I have had the opportunity to represent the school in the A. We won 1st prize 2 years ago and second prize last year. The consulting club is the biggest club in the B-School here. We consider many factors in the decision - undergrad work; accomplishments; fit with Michigan; community service; career progression, etc.
But, retaking it would be ideal. Also, if you don't re-take it before submitting your application, let us know if you have any plans for re-taking it. I would recommend that you keep up some GMAT study, in case of a wait-list decision, for example. When it comes to scholarships for international students, we are mostly talking about merit-based, rather than need-based scholarships. Ido, you could be admitted with a GMAT of and rejected with a GMAT of , because so much depends on your work experience, recommendations, essays, interview, and the overall quality of your application.
It was tested in my case at least only in a phone interview - i. They did ask me to rate my knowledge in writing. Sure, much luck Ido. Do you want to go this year in any case? If I remember correctly you are just graduating from college now. In that case , I would say yes. However, I also remember that you have significant and very impressive employment background during college.
Therefore, there will probably be a "significant" improvement of your chances especially if your stated goal is to go into the VC world after b-school , but it is not likely to be a "huge" improvement. I saw there are some questions about Kellogg - I am a first year and will happily answer any qauestion. Sometimes the demand for interviews might be more that the supply of alumni time, in that case if the admissions office feels it need it, they will schedule a phone interview with you.
First responses for 1st rounders will start to come probably by the end of this month. The majority however will receive the decision during the last 2 weeks of the round. The event we have january 1st will not include people from the admissions office. There will be a current student and 2 alumni. The main purpose of the event is to share their experiences with you so you will get to "know" Kellogg a little better.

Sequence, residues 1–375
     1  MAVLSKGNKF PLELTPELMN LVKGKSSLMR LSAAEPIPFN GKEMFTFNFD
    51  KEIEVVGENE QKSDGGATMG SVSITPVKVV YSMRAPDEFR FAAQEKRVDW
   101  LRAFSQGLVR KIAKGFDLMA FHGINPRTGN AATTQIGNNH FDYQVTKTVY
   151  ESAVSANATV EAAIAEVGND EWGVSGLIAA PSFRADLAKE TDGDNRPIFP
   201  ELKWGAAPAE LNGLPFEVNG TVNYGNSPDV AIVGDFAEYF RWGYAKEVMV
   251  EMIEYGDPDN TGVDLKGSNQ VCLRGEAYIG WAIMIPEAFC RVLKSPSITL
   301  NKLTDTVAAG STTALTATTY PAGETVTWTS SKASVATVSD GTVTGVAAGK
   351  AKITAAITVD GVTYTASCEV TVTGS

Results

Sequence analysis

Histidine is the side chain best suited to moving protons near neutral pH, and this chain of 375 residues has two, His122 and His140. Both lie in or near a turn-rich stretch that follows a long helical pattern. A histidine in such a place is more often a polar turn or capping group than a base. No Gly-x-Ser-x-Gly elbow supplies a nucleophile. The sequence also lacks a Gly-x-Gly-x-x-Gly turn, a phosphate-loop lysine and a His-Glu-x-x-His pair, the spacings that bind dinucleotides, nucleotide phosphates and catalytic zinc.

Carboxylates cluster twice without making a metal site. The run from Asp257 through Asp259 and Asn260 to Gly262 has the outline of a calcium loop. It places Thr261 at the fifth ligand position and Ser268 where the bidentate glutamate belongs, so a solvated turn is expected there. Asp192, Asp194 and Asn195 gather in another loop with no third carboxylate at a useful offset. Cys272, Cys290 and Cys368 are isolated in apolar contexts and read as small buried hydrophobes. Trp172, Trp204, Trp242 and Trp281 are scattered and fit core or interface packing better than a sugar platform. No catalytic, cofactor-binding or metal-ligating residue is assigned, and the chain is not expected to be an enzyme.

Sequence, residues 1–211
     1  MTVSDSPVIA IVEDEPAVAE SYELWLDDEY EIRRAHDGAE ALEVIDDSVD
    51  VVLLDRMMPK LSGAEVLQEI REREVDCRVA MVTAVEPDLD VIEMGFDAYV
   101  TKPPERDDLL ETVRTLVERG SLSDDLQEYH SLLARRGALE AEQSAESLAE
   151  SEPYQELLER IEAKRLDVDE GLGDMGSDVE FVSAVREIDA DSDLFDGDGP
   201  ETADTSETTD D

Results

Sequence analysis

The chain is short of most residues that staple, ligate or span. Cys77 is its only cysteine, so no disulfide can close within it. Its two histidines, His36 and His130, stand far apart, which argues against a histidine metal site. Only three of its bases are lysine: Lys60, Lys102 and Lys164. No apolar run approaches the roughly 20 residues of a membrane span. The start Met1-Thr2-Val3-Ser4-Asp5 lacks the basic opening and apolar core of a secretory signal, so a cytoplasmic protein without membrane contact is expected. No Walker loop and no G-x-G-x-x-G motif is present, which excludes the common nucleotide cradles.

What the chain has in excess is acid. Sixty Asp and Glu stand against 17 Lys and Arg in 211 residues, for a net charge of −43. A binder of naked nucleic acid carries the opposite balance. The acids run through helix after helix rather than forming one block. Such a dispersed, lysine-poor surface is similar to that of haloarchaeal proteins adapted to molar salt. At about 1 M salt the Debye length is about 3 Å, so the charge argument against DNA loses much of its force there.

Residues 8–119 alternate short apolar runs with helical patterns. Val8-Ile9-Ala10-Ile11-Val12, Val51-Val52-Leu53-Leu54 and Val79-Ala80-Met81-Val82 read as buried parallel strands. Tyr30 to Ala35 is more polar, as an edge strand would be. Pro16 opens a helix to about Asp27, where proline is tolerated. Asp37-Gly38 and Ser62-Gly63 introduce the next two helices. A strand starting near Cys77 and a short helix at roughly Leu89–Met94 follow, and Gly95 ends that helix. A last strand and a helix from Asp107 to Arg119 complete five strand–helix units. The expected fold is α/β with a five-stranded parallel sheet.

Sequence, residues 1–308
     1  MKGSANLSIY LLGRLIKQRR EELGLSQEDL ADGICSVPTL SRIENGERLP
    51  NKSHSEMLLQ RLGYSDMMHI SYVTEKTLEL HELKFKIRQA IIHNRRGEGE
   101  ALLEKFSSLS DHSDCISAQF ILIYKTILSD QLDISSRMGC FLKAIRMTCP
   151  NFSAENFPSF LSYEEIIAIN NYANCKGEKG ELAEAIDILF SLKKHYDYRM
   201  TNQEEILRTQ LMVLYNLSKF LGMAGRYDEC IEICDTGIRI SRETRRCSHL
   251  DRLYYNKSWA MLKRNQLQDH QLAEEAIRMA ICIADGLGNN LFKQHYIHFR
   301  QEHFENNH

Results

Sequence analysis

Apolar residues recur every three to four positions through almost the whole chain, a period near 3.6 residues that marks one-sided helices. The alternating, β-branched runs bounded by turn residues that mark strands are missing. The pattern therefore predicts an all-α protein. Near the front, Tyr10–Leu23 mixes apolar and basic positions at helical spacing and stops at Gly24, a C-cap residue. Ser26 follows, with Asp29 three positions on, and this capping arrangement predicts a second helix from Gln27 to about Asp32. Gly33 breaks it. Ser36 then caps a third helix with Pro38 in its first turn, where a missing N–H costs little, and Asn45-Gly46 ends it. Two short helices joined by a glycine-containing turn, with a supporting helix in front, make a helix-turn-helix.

Hopefully this will help you decide if you want to apply, and strengthen your application once you apply. There were two main reasons that made me choose the Johnson School. The first reason was more related to my area of interest, which is Entrepreneurship and Private Equity. I believed that the combination of the EPE immersion and BR Ventures will help me to enhance my experience and knowledge in the area. I am happy to report that this was indeed the case.
I also believe that this is true in other areas such as finance, marketing, operations and more. The second reason was the type of environment that exist in the Johnson School. From one hand it is an environment that will challenge you and push you to your limit, which I believe is the essence of an MBA.
From the other hand it is a very intimate and supporting community that is very important when you are away from home and stretched to your limit studying and looking for job at the same time. The other aspect of the Johnson school community is the extent in which students can get involved and make a difference. The kind of people we are looking to admit to the Johnson School is change agents, people who inclined and attracted to making a difference. We have to provide them with opportunities to make a difference.
As a result I believe the Johnson School is one of the best schools for students who are looking to leave their mark on.